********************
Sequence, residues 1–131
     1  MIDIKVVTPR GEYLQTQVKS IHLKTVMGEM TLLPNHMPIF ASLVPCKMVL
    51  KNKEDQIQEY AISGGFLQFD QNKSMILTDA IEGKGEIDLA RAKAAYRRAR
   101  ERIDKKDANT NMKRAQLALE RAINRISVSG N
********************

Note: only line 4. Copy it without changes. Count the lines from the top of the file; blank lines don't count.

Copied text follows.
   101  ERIDKKDANT NMKRAQLALE RAINRISVSG N